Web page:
Ajla Tomljanovic had the Grand Slam of her life a year ago at Wimbledon, beating Jelena Ostapenko and Emma Raducanu on her way to the quarter-finals.

But this year, her father, Ratko, in the familiar and conservative way of fathers everywhere, has only scheduled the family’s rental home until the first Friday. When the 29-year-old Australian made it through to the third round, Ratko rushed to land an expensive place at a boutique hotel closer to the venue. London at this time of year, as Tomljanovic pointed out, is crowded.

“You thought I would lose the second round,” Tomljanovic told his father. “Book him at least until Sunday, so that’s a good problem to have. I gave him a lot of bullshit yesterday. He didn’t take it well.

“Funny enough, today when I finished [Saturday]he’s like, ‘Oh, I still have to book.’ “I’m not going to give him too much trouble because he’s been a great dad that way. But he’s kind of settled this week.”

Day 8 Order of play

It’s been that kind of fortnight at Wimbledon so far. World No.1 Iga Swiatek saw it 37 consecutive victories ended by Alizé Cornet and four former champions – Serena Williams, Garbiñe Muguruza, Angelique Kerber and Petra Kvitova – did not reach week two.

Recap of day 7: Jabeur is progressing | Maria stuns Ostapenko | Bouzkova and Niemeier’s breakthroughs continue

The top half of the draw includes four Monday games where half the players – including Tomljanovic – are unseeded. Accounting:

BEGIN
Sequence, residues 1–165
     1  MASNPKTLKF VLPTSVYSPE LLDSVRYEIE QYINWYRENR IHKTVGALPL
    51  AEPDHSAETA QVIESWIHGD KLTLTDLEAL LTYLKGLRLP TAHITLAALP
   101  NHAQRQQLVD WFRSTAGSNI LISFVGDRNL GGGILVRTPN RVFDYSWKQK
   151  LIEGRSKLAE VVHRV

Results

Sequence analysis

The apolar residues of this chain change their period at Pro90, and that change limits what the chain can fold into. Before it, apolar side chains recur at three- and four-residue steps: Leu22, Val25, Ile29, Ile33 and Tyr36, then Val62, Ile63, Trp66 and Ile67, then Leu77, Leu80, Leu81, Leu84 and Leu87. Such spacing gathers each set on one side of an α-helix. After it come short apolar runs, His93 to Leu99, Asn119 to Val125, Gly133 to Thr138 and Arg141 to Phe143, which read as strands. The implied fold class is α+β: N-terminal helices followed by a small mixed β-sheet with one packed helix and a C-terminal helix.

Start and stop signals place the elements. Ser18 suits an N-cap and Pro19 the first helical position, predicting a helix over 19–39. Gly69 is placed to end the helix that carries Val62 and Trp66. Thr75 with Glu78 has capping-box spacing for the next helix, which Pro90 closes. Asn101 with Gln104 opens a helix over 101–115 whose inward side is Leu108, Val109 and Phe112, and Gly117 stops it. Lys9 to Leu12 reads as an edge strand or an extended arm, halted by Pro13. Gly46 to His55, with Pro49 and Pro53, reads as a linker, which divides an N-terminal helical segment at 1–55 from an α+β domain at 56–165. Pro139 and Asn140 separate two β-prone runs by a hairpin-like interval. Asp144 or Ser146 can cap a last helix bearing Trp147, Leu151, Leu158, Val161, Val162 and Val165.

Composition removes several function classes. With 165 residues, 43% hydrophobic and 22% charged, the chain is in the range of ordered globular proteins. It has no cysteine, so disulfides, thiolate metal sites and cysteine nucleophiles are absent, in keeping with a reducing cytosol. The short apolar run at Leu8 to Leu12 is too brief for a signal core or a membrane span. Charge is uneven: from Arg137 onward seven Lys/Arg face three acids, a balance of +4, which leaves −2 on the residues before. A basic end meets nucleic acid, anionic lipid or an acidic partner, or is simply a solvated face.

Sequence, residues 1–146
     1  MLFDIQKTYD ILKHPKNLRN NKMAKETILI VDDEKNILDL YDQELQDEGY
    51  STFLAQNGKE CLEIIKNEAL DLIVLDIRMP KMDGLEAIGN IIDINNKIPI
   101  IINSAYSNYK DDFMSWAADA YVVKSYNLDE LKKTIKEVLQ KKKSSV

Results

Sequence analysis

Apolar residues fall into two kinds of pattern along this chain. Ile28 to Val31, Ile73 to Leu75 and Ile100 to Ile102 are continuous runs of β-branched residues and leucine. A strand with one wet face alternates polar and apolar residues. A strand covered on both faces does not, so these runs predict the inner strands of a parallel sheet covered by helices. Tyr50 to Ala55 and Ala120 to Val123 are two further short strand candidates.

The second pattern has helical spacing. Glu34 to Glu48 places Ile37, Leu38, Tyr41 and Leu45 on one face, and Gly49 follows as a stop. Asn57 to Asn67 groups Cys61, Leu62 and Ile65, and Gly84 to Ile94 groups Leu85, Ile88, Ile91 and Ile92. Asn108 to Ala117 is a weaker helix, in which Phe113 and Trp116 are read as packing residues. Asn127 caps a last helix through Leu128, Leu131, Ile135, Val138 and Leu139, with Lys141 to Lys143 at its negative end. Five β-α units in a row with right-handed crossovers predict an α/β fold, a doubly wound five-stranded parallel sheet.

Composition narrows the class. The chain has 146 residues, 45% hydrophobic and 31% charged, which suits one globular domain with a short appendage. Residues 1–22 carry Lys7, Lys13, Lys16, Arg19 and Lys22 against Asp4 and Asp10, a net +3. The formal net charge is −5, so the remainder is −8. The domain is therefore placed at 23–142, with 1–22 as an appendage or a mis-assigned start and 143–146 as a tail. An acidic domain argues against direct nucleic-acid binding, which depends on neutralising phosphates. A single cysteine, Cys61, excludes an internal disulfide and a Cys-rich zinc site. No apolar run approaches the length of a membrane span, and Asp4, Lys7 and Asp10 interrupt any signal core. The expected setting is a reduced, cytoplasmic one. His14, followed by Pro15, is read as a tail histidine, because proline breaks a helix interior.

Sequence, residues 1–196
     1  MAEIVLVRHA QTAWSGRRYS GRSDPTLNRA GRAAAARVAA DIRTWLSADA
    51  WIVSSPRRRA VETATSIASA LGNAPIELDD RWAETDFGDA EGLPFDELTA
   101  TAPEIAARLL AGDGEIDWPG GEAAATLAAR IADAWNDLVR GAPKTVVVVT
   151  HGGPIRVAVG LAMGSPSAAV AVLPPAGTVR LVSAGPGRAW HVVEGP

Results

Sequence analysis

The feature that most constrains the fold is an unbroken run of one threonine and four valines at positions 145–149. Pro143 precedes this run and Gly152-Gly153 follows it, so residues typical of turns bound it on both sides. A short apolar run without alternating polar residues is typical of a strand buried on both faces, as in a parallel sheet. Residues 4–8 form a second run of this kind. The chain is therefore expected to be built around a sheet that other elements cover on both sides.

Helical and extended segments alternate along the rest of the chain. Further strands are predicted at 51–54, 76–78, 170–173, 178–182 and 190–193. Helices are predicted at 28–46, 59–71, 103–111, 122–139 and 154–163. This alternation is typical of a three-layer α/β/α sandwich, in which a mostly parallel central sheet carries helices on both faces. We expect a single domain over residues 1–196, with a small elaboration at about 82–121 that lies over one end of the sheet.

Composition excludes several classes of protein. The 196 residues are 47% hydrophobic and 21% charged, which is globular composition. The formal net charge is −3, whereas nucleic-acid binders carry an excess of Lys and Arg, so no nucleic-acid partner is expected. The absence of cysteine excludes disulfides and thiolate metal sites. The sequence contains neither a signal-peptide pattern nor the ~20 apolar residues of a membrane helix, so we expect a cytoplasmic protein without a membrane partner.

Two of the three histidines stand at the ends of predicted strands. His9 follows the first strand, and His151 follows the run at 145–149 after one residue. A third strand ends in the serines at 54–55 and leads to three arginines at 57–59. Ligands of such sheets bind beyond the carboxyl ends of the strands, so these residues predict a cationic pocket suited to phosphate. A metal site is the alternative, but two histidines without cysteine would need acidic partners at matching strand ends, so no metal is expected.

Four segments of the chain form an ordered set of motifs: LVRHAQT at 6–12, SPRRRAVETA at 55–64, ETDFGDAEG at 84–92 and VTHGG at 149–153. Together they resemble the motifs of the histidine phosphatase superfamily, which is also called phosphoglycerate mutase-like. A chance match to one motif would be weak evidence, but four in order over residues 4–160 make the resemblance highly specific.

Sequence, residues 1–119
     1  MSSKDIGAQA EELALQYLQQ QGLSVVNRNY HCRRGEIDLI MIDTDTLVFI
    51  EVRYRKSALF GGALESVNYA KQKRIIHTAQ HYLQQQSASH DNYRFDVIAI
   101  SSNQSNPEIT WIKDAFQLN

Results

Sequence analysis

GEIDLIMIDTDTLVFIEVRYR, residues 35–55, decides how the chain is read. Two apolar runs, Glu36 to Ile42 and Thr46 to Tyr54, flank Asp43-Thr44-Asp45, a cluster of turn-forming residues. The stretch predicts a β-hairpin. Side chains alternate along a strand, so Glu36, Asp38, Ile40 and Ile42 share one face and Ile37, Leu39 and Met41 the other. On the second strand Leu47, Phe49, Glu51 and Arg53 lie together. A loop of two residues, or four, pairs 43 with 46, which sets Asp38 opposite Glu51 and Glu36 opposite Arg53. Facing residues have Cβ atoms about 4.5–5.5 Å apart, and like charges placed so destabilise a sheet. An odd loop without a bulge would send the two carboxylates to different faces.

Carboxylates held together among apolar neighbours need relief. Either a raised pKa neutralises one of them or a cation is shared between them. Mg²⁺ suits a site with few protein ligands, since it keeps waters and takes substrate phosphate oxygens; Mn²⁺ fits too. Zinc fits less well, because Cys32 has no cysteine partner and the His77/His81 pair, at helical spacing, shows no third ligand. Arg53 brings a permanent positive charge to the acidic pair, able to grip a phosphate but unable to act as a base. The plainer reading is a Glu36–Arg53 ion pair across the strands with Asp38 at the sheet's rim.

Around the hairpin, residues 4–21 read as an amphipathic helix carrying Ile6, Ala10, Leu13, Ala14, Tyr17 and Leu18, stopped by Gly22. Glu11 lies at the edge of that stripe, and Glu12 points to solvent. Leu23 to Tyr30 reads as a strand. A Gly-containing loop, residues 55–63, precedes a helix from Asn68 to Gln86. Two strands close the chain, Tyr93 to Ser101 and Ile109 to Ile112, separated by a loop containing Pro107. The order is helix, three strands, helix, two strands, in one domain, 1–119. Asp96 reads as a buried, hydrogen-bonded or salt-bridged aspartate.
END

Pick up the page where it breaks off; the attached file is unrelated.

#4 Paula Badosa vs. #16 Simona Halep

It’s one of the few matchups we expected to see – and can’t wait – to see.

Badosa defeated No. 25 seeded Kvitova, a two-time champion here, 7-5, 7-6(4) in the third round. It was huge for Badosa. It was the first time in seven grass court games that she had won over a seed.

She gets another in Halep, who won 6-4, 6-1 over Magdalena Frech. Halep, 30, is making her 10th appearance for the All England Club – and the first since winning the title in 2019. After her worst professional year she is in fine form, having reached the semi-finals on grass at Birmingham and Bad Homburg.

“I’ve been struggling with confidence lately,” she told reporters afterwards. “But it’s normal after last year when I was injured and I didn’t win much. Tennis will come. If I keep doing what I have to do every day, I’m really confident that it’s going to happen at the highest level.